In practice many of the methods outlined above provide an element of visual examination as well as analytical data. The most common direct observation methods are:
The use of binocular, metallographic and polarising light microscopes in archaeological science is extremely common. Microscopy can provide a great deal of information about objects from finding details of their construction to looking at the preservation of surfaces. Advances in image processing mean that greater focal depth can be achieved in the examination and visualisation of surface detail.
The metallography of cross sections from archaeological objects can provide much information about the manufacture of metal objects, including working, annealing, temperature of melting etc (Scott 1991). Polarizing microscopes which have an adjustable polarising filter have been extensively used in petrographic thin-section analysis of archaeological ceramics, while fluorescence microscopes allow the visualisation of pigments excited by wavelengths outwith the visible spectrum.
In scanning electron microscopy a beam of electrons is rastered across the sample causing scattering and electron and x-ray interactions which are used to generate a visual image in a number of different ways. The detection of secondary electrons depends strongly on the topographical structure of the sample and thus can be used to examine surface detail. Backscattered electrons also reveal compositional differences since their number, and hence the brightness of the image, depends on the atomic number of the area of the sample they interact with. Various other detectors can be used, eg to measure absorbed current, and produce images of different quality dependent upon the conductivity and fragility of the sample.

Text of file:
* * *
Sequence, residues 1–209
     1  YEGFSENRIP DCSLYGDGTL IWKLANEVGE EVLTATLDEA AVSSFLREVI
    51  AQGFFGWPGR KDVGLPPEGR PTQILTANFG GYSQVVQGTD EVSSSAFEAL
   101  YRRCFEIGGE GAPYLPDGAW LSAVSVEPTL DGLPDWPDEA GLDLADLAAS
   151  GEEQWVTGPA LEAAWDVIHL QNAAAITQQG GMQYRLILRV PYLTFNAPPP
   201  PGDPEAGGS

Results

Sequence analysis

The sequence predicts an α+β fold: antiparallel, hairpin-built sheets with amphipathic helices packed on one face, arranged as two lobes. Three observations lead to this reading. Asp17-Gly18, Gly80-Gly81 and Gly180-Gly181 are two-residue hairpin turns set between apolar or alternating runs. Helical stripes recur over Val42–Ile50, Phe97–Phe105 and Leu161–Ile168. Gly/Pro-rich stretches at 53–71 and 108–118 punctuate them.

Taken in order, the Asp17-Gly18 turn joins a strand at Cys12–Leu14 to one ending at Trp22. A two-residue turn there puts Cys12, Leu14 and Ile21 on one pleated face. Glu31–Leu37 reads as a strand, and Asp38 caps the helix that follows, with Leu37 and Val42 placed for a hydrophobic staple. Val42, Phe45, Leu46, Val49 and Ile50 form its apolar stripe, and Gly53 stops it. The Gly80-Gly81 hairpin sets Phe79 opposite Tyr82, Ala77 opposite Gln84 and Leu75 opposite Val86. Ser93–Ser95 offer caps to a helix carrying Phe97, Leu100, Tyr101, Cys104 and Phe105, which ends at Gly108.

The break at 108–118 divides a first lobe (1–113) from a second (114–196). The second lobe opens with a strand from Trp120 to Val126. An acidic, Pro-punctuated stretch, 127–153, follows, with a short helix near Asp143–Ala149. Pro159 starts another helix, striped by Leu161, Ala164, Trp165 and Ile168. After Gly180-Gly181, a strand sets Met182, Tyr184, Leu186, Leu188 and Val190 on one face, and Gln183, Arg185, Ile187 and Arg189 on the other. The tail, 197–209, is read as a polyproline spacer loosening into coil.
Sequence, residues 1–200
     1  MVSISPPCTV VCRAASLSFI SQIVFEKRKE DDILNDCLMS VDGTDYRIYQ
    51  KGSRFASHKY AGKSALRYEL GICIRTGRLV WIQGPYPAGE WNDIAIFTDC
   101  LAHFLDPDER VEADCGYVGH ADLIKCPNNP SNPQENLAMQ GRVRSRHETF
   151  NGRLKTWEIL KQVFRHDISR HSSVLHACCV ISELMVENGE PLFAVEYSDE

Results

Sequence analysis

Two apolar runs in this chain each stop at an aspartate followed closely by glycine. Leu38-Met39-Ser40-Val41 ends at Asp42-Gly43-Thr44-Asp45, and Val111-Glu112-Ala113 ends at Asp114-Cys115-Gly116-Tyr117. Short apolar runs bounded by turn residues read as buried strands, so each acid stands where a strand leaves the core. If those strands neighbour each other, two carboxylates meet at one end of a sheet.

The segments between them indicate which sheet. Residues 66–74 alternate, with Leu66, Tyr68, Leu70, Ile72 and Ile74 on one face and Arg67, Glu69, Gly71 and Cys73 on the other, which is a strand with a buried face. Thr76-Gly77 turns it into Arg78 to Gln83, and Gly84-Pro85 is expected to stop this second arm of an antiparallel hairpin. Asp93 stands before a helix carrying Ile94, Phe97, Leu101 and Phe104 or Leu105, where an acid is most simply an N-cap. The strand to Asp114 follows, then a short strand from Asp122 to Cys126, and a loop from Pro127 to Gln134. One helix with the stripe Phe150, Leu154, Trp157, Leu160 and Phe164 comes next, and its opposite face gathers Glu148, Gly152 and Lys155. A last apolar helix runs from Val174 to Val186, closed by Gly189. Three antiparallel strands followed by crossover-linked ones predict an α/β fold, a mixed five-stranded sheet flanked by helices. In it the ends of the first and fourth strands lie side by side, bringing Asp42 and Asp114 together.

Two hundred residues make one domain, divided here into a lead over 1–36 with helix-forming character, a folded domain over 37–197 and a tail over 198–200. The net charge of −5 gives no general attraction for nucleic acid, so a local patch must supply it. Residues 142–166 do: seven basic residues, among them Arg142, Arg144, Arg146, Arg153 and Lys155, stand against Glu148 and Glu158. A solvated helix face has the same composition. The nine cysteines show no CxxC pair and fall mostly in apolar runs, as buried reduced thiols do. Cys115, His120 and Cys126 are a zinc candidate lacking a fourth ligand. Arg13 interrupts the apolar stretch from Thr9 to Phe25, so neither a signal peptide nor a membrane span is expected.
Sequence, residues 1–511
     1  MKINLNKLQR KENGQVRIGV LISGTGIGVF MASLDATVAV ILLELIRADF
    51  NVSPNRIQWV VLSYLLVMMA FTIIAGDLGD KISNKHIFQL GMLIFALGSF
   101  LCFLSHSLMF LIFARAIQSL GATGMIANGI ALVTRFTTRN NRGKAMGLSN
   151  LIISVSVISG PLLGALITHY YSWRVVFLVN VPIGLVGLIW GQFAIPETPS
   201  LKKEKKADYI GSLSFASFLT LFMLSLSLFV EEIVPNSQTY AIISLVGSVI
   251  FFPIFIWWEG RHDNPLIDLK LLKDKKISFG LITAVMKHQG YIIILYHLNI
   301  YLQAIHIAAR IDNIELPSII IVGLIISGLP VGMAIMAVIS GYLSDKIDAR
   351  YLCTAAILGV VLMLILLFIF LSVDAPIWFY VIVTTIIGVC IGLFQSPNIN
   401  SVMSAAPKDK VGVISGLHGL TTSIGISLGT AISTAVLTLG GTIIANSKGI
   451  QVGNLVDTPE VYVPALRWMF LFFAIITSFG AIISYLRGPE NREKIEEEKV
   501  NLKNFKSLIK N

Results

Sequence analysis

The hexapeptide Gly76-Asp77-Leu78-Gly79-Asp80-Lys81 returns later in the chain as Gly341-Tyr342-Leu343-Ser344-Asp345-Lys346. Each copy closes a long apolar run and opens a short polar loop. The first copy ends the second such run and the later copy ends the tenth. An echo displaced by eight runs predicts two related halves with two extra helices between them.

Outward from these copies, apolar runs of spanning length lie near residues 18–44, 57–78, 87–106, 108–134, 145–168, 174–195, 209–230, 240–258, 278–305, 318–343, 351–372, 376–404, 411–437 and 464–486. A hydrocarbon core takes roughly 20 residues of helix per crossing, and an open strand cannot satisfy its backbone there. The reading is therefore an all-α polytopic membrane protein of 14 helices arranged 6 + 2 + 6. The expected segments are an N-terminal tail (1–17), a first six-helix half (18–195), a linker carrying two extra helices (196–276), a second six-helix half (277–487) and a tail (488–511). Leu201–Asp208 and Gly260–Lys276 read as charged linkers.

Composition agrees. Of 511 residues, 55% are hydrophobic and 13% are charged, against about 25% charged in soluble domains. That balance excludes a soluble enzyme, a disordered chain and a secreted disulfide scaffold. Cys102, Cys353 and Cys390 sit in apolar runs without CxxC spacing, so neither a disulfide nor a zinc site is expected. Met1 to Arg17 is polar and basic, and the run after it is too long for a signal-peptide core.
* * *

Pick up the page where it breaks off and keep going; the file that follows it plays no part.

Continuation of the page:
Used at: NMS, Glasgow Earth Sciences, SUERC, Edinburgh Geosciences
Figure 16: INSERT: SEM image + caption
Conventional radiography produces two-dimensional images of the object, the intensity of the image depending on the amount to which incident X-rays penetrate or are absorbed by the different thicknesses and densities of the material(s) being x-rayed. X-radiography is extensively used to image archaeological materials of all kinds, particularly archaeological iron where very often the shape of the object is hidden by encrustations of corrosion and even when the iron itself is lost the form remains visible within the corrosion mass. Currently the change is from conventional film-bases systems to ones using various forms of digital recording. Medium and low-energy cabinet systems exist, while for large items or the technological investigation of artefacts made from dense metals such as silver or bronze higher X-ray energies are required with appropriate radiation enclosures. Gamma radiography is undertaken industrially using radioactive sources and may have applications for particularly large or inaccessible objects, while neutron radiography is a specialist alternative with advantages for some very X-ray dense materials.
Used at: NMS, AOC Archaeology
CT Image of 17th century pocket watch from shipwreck, revealing maker's signature. Copyright NMS
This technique uses X-rays to produce detailed 3-D images of objects. By rotating the X-ray source and detectors a cross-sectional “slice” of the object can be obtained while the object is moved through the array to generate a complete series of slices which can then be combined to create a virtual 3D image. Medical CT equipment has been suited to the imaging of mummies, including the production of facial reconstructions, while micro CT, using similar technology but on a smaller scale that allows more penetrating X-rays and higher spatial resolution, has been applied to complex objects.
Used at: Glasgow Western Infirmary, Edinburgh Royal Infirmary, Natural History Museum.
See also the ScARF Case Study: Data treatment and Interpretation